A dispenser can be used, if adjacent to a villager, to place armor on it. While not visible in most cases (other than pumpkins and mob heads) the equipment will be fully functional; for example, the Thorns enchantment will hurt zombies that attack a villager with a piece of armor enchanted with the Thorns enchantment equipped.

Sharing food[edit]

If a villager has enough food in one inventory stack (6 bread or 24 carrots, potatoes, beetroots, or 18 wheat for farmers only) and sees a villager without enough food in one inventory stack (3 bread or 12 carrots, potatoes or beetroot for non-Farmers; 15 bread, 60 carrots, potatoes, or beetroot, or 45 wheat for Farmers), the villager may decide to share food with that villager.

To share, a villager finds his first inventory stack with at least 4 bread, carrots, potatoes, or beetroot or with at least 6 wheat, and then throws half the stack (rounded down) in the direction of the target villager. When wheat is shared, it is first crafted to bread which may result in 1 or 2 less than half the stack being shared.

Farming[edit]

Adult and baby brown-robed villagers, both farmers and other careers, will tend crops within the village boundary. Villagers far enough outside the boundary of any village will also tend nearby crops.

Farmland to be tended is found by seeking for certain blocks up to 15 blocks away from the villager in X and Z and up to 1 away in Y (a 31×31×3 area total).

  • If a brown-robed villager does not have enough food in one stack in its inventory (15 bread, 60 carrots, potatoes, or beetroot, or 45 wheat) and finds fully-grown wheat, carrots, potatoes or beetroot, it will move to the crop block and break it.
  • If a brown-robed villager has any seeds, carrots, potatoes, or beetroot seeds in its inventory and finds an air block above farmland, it will move to it and plant a crop. They will always plant from the first eligible slot in their inventory.
  • If /gamerule mobGriefing is false, villagers will not be able to farm.

Baby villager behavior[edit]

A group of villager children playing a game of tag.

Baby villagers will sprint around, entering and leaving houses at will. They will sometimes stop sprinting to stare at an Iron Golem. If the Iron Golem is holding a poppy, the children will cautiously take the flower from its hands. They tend to group and chase one another around the village as if playing tag.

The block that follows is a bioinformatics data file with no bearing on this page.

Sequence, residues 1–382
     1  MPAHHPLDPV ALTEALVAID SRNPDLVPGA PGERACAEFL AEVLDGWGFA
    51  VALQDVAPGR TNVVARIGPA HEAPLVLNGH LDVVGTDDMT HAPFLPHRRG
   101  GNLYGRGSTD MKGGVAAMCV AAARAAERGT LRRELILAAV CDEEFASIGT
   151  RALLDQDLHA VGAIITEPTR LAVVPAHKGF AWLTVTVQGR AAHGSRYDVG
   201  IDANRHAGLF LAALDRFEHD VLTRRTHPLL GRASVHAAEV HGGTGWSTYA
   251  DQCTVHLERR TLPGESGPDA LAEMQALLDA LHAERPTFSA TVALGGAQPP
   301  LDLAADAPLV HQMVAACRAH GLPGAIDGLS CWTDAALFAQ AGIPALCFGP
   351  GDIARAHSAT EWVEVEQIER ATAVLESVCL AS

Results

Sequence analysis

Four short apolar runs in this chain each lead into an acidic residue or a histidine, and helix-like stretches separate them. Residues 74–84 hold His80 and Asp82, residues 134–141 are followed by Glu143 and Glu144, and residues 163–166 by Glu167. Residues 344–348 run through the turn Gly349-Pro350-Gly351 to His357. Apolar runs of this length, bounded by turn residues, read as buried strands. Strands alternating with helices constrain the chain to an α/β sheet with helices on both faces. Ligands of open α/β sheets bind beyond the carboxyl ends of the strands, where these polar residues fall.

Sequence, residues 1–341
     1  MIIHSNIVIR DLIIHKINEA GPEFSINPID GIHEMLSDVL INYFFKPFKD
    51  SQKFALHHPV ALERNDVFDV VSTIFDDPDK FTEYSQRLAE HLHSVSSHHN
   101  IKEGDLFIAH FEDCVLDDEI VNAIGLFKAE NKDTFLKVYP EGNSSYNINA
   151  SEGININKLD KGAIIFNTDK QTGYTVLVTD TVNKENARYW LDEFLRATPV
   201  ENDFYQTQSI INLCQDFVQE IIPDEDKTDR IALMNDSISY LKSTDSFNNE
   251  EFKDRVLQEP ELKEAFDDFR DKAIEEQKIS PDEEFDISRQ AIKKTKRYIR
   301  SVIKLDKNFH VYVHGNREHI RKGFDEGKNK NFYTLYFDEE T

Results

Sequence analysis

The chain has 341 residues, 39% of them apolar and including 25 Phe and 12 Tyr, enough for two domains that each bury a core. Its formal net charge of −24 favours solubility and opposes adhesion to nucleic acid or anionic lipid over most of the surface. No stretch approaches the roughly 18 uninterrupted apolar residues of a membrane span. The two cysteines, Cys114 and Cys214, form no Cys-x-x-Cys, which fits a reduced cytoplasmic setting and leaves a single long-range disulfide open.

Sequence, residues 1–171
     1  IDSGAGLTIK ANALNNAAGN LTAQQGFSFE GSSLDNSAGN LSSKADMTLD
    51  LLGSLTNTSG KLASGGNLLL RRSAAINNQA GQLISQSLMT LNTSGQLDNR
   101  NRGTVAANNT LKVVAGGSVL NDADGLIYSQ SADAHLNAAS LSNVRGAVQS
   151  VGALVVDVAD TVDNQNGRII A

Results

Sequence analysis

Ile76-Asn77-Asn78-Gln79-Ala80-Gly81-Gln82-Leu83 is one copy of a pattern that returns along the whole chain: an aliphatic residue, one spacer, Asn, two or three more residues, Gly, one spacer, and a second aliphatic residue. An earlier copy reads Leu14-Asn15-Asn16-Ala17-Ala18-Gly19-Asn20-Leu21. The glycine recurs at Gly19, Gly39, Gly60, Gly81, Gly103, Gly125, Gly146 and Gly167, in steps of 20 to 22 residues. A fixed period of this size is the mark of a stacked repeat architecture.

Baby Villagers in Bedrock/Legacy Console Editions have a slightly bigger head than in the Java Edition, this also can be seen in different baby mobs in the game as well.

Unlike other breed-able mobs, the parents and child have no personal interactions other than socializing.

Zombies[edit]

Zombies will try to find and attack villagers within a 42 block radius (even when the villager is invisible), and will attempt to break down doors. Zombies will only successfully break doors if the difficulty is set to hard, though only a fraction of zombies spawned in hard mode have the capacity to break doors. This also applies to zombie pigmen if they path find through a door. Villagers will run away from zombies, sometimes hiding in houses. The villager's only "natural" defense are the iron golems, which attack nearby hostile mobs.

Zombies will try to kill villagers, or convert them to v1 zombie villagers. The chance that the villager will become a zombie villager on death is 0% on Easy, 50% on Normal, and 100% on Hard. Baby villagers can be infected by zombies as well.

Villagers will also run from zombie pigmen, though the latter will not attack them.

Drowned will chase and attack villagers in the same way zombies will, and villagers will run from drowned in the same way they run from zombies. Drowned can also convert villagers to zombie villagers, even when attacking from a distance with a trident.

Lightning[edit]

When lightning strikes within 3–4 blocks of a villager, it will turn into a witch.

Breeding[edit]

Two villagers mating.

Villagers will mate depending on the number of valid doors. If "willing" (see below), villagers will mate as long as the population is less than 35% (Bedrock Edition: 100%) of valid doors, rounded down. The type of villager that spawns is independent of the villager's parents.

A valid door is any door within the village radius where the number of "outside" spaces within 5 blocks in a straight line on one side of the door is not the same as the number of "outside" spaces within 5 blocks on the other side of the door. A space is considered to be "outside" if it has nothing but transparent blocks above it all the way to the sky.

A census is periodically taken to determine the current population of the village. All villagers within the horizontal boundary of the village and within 5 vertical blocks (Bedrock Edition: no apparent height limit) of the center will be counted as part of the population to determine if continued villager mating is allowed. However, any villager within the horizontal boundary of the village and within the spherical boundary of the village will attempt to enter mating mode as long as there is at least one villager within the boundary. If two villagers simultaneously enter mating mode while they are close to one another, they will mate with each other and produce a child.

Willingness[edit]

Additionally, villagers must be "willing" in order to breed. After mating, they will no longer be willing, and must be made willing again.